The report found that 88% of pregnancies in 15-17 year olds were unplanned. Rates of chlamydia, gonorrhea and syphillis were significantly up. Nearly a quarter of women aged 15-19 had HPV in 2003-4 and a third of adolescents had not received birth control instruction by the age of 18.

The blame cannot be laid entirely at the door of Bush's pro- abstinence stance, but evidence points strongly towards it. When he was governor of Texas in the 1990s, he spent $10 million a year on abstinence education. The state still had the fifth highest teen pregnancy rate in the US.

Under his presidency, the spending continued, despite much evidence that it didn't work, including one report by the Guttemacher Institute. This states that a 9 year, $8 million evaluation of federally-funded abstinence-only-until-marriage programmes had no beneficial impact on young people's sexual behaviour. By the end of his presidency, over $1 billion had been spent.

Two other interesting findings from the CDC report are that nine out of ten states with the highest increase in teenage births voted Republican in 2000 and 2004. Also, young Hispanic women have sex less often than others but give birth more. One possible reason for this is that the vast majority of them are Catholic and are receiving even less encouragement to use birth control.

George Monbiot has an article about the CDC report in The Guardian where he writes that: A study published by the American Journal of Public Health found that 86% of the decline in adolescent pregnancies in the US between 1991 and 2003 was caused by better use of contraceptives. Reduced sexual activity caused the remainder, but this "ironically … appears to have preceded recent intensive efforts on the part of the US government to promote abstinence-only policies". Since those intensive efforts began, sexual activity has increased.

President Obama has cut funding to abstinence-only programmes but the National Abstinence Education Association is still pressing for funding, as is the Abstinence Clearing House with its links to all the 'evidence' for abstinence working. Some groups blame the failure on underfunding and say that programmes did not go far enough.

There's a good summary of pro-abstinence responses here. Some groups are now trying to rebrand themselves, talking about a 'holistic approach' and 'healthy lifestyle choices' in an attempt to claw back funding. One Christian blogger blames the increases in teen pregnancy on the media, and says rates would have been much worse were it not for Bush. She also says that rates are much higher in Europe, a sign of our moral bankruptcy - so the US is not doing so badly after all. Dogma and ideology continue their battle against science and evidence.

However, even though Obama appears to be on the right track in his own country, many US funded HIV/AIDS initiatives in the third world are still promoting abstinence, particularly PEPFAR, as I reported here. The latest partners in that initiative include pro-abstinence religious groups.

Monday, 20 July 2009

Too Much Too Soon - Fear and Loathing in Sex Education

Norman Wells of the Family Education Trust has written a guidance document for parents about the Government's proposed plans for sex education - now called PSHE - and has whipped up a predictable reaction in The TelegraphThe Mail and The Express.

The FET's website makes no overt mention of religion, it promotes 'family values'. But reading between the lines, it is clear where these values come from. Wells writes that sex is not intended to be just about the joining of two bodies together, but the joining of two lives. In the context of faithful, lifelong marriage, sexual intimacy expresses the total self-giving of a husband and wife to each other.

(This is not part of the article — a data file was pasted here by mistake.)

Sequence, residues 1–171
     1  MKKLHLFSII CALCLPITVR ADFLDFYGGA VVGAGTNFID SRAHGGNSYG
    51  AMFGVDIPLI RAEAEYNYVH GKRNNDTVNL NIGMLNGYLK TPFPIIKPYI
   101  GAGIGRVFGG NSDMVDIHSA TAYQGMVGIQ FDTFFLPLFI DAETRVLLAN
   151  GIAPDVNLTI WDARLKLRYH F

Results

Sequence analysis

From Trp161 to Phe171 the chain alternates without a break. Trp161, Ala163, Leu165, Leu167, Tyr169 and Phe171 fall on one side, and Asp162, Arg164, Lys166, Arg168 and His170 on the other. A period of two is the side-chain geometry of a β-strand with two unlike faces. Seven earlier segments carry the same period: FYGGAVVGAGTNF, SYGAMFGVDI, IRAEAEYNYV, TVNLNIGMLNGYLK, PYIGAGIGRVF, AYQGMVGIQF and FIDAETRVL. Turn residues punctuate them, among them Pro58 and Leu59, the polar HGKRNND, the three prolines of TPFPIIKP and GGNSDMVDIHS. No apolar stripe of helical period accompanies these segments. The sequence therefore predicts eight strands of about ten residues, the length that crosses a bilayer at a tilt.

If sex is intended to be anything, who is doing the intending? Once the hand of God becomes clear, what follows is pretty inevitable.

Alongside the propaganda, there are a lot of factual inaccuracies, many of which appear to have been directly copied from the Christian Medical Forum's submission to BCAP that I wrote about recently (and also here). They both claim, for example, that there is no good evidence against abstinence, that condoms are not 100% effective and therefore should not be promoted at all, and that STIs and teen pregnancy are rising therefore sex education doesn't work. One of the FET trustees is Stammers - who wrote one of the papers the CMF cited in its submission.

It is true that STIs and teen pregnancy are a serious problem (although pregnancy is not as much of a problem as certain groups make out, as I mentioned in the previous link). It's also true that sex education is far from what it could be and that parents need to be much more involved and supported. This is hardly a new issue - anyone remember The Specials' Too Much Too Young

However. And it's a big however.

Wells' guidance is dangerously misleading. Its main target is not just the Government's plans for PSHE, it is sex itself. The usual mix of fear and loathing that has infected hard-line Christians since St Paul is in full flow here. Early on he says that behind plausible-sounding arguments and innocuous-sounding words there is a specific agenda at work to undermine the role of parents and to tear down traditional moral standards. Sex education is an ideological battlefield on which a war is being waged for the hearts and minds of our children.

This emotionally over-wrought opening sets the tone for the whole guidance. As if he doesn't have his own agenda. Frequent use of the word 'children' rather than 'teenagers' ups the emotional ante too.

Wells' three main points are:
  1. Parents should teach children about sex